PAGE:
I acted to prevent civil unrest: Sri Lankan President Sirisena defends parliament sacking

File photo of Sri Lankan President Maithripala Sirisena. Photograph:( AFP )

AFP Colombo, Sri Lanka Nov 11, 2018, 10.03 PM (IST)

Sri Lanka's president on Sunday defended his controversial sacking of parliament, saying violent clashes among rival MPs could have led to "civil unrest" across the country if the legislature had met.

Maithripala Sirisena said there were media reports that politicians would clash during a vote to decide between two men claiming the premiership after he controversially sacked Prime Minister Ranil Wickremesinghe last month.

"If I allowed the parliament to meet on November 14, there would have been violence in the House and it could have spread to our villagers and towns," Sirisena said in a televised address to the nation. "I acted to prevent civil unrest."

Sri Lanka's parliamentary Speaker Sunday accused President Maithripala Sirisena of "usurping" the rights of legislators and asked public servants not to carry out his "illegal orders".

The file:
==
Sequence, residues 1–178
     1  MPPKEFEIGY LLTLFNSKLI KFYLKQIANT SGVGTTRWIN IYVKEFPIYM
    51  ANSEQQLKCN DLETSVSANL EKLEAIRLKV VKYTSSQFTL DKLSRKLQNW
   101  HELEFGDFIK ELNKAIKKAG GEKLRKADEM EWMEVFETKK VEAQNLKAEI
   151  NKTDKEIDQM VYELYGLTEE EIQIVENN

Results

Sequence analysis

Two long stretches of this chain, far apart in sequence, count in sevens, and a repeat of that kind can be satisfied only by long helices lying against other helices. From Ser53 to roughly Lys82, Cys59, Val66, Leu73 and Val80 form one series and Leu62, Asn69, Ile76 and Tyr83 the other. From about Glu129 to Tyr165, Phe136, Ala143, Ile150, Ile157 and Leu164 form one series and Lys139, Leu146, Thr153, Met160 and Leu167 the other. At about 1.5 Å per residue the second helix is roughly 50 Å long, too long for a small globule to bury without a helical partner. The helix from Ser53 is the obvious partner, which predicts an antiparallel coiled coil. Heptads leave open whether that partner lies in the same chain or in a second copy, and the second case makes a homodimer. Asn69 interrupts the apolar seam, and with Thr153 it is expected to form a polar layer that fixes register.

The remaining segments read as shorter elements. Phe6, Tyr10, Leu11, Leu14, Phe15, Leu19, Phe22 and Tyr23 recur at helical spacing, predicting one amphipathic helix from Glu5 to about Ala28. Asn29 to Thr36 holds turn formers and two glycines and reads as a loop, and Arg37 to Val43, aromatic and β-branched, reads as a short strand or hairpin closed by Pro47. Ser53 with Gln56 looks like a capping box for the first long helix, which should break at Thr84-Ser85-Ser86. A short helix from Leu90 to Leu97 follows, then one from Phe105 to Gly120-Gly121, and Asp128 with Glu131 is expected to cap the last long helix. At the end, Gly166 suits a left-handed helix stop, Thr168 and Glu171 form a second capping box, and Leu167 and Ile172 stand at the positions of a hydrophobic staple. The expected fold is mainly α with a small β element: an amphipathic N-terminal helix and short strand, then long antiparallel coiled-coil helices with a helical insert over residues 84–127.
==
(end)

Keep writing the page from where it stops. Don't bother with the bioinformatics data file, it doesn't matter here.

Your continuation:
Karu Jayasuriya in a hard-hitting statement said Sirisena's actions since October 26 to sack Prime Minister Ranil Wickremesinghe and dissolve parliament undermined the freedoms of the people.

"I have watched over the last two weeks as the executive branch has seized the rights and usurped the powers of members of parliament who were elected to represent the people.

"I call upon all public servants to refuse to execute any illegal orders they may receive, no matter from whom."

Sirisena triggered an unprecedented constitutional crisis on October 26 when he sacked Wickremesinghe and replaced him with former leader Mahinda Rajapakse.

Wickremesinghe insisted his dismissal was illegal and unconstitutional and refused to vacate the official residence of the premier.

Sirisena agreed thrice to reconvene parliament which he had suspended shortly after sacking Wickremesinghe to prevent him proving his majority on the floor of the House.

Just five days before parliament was due to reconvene, Sirisena dissolved it and called snap elections for January 5.

"Since the president has prevented parliament from ruling on the legitimacy of the president's actions, it will be up to the Supreme Court to determine the legality of these actions," Jayasuriya said.

Story highlights

Maithripala Sirisena said there were media reports that politicians would clash during a vote to decide between two men claiming the premiership after he controversially sacked Prime Minister Ranil Wickremesinghe last month.